Almost 20,000 people across Western Sydney Local Health District (WSLHD) will be asked if they are okay today. To mark R U OK? day, a national day of action to prevent suicide, every single person entering WSLHD hospitals and facilities will receive a special R U OK? wristband.
R U OK? day empowers people to connect in supportive ways and while we should check in on those around us on every day of the year, R U OK? day reminds us why this is so important.
Across WLSHD staff and the community are being reminded to support people who may be struggling. If you feel like something’s not quite the same with someone you know – there’s something going on in their life or you notice a change in what they’re saying or doing – trust that gut instinct and take the time to ask them “Are you OK?”
Follow R U OK?’s four steps:
- Ask R U OK?
- Listen with an open mind
- Encourage action
- Check in.
WSLHD chief executive Graeme Loy said that this year more than ever, it’s important that we stay connected and check in on each other.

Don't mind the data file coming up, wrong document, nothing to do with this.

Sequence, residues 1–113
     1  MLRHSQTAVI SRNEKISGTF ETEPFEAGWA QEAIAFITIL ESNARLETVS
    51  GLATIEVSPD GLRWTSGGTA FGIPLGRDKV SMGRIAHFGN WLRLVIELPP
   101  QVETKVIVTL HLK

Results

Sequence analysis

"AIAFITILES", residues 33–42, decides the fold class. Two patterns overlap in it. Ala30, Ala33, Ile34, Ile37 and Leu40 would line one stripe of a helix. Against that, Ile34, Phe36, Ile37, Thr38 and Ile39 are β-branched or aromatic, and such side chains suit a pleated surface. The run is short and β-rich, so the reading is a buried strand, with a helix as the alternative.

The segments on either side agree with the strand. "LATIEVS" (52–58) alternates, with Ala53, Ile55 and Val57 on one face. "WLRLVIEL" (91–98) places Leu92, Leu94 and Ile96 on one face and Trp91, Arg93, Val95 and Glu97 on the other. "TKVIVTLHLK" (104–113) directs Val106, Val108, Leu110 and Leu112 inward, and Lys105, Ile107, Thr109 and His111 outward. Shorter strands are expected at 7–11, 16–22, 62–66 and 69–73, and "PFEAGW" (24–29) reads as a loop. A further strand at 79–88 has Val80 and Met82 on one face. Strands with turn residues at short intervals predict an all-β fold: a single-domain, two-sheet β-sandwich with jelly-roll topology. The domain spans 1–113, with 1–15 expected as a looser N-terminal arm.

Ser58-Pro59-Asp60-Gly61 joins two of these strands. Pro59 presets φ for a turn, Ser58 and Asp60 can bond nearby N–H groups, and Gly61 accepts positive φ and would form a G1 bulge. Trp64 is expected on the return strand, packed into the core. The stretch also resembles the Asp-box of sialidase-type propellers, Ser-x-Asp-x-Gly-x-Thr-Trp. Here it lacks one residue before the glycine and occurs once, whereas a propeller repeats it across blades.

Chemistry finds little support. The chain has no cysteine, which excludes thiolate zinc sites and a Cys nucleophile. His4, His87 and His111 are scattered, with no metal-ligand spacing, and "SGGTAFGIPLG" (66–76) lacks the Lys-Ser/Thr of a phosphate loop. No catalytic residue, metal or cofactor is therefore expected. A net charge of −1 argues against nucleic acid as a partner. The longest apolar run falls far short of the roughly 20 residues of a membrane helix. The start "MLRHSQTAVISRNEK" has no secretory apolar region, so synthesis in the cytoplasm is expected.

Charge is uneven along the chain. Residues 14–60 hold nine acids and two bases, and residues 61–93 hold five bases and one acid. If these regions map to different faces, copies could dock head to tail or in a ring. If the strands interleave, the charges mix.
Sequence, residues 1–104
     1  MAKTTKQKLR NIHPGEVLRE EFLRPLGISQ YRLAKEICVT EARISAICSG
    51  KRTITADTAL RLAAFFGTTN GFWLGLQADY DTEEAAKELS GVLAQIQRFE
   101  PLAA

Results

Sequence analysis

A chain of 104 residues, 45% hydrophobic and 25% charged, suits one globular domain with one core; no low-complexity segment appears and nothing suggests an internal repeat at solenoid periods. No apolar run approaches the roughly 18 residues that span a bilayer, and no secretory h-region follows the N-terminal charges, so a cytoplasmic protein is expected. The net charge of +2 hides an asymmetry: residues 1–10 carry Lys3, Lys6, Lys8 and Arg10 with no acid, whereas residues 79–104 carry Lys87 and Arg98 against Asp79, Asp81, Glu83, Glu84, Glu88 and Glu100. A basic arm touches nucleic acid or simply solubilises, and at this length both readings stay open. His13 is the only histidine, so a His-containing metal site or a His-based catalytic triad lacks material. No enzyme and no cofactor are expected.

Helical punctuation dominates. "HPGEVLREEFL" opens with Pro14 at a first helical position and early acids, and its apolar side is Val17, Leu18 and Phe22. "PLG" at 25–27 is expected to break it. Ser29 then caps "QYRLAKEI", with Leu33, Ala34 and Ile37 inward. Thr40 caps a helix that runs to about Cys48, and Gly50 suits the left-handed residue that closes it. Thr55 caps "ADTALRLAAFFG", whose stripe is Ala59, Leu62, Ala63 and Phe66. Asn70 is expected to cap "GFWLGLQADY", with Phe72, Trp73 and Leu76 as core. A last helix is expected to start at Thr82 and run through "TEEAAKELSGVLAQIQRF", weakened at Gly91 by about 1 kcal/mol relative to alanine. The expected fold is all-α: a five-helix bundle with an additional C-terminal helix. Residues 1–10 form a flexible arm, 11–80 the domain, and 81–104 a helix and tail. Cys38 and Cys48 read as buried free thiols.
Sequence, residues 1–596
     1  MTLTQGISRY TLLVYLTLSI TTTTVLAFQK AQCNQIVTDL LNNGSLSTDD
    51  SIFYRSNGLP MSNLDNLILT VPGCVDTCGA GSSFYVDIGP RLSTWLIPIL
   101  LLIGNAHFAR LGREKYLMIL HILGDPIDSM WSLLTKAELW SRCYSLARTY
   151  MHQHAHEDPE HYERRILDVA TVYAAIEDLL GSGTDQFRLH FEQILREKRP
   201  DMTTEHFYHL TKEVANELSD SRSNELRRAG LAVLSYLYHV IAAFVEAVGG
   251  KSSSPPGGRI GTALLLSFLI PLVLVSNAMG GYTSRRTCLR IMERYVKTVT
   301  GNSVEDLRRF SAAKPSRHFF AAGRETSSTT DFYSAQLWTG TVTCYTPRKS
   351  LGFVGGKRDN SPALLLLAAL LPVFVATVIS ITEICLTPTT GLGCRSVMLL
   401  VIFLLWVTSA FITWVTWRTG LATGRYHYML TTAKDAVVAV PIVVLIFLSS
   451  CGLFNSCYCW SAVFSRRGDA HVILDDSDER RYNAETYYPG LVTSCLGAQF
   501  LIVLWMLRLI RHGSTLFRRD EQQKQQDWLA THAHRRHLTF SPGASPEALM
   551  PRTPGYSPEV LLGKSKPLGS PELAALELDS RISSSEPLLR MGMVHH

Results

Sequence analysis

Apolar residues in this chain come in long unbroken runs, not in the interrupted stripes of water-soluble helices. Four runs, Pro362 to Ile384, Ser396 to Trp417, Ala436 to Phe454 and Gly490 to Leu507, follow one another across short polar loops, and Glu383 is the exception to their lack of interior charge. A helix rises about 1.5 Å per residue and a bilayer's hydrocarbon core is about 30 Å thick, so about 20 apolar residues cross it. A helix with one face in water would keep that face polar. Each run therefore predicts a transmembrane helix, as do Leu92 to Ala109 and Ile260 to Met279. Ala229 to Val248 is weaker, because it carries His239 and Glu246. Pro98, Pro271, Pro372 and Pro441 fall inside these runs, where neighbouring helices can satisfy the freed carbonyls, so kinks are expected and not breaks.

“COVID has been a challenge for us all. I am exceptionally proud of our staff who have continued to deliver good outcomes for the people of Western Sydney while faced with significant uncertainty and change,” Graeme said.
“While our staff have been focused on caring for the community, we can’t forget that even the carers need support too.
“If you’ve noticed a change, no matter how small, ask R U OK? A conversation could make a difference in someone’s life.”
This year R U OK? day is encouraging people to learn what to say after R U OK? to help keep the conversation going when someone says “No, I’m not OK”. For help on what to say check out the R U OK? conversation guide.
For more conversation tips, visit the ‘How to Ask’ page: ruok.org.au/how-to-ask
For COVID-19 health and wellbeing resources visit the COVID-19 community resources for Western Sydney site here.
If you need immediate crisis or emotional support you can contact Lifeline on 13 11 14.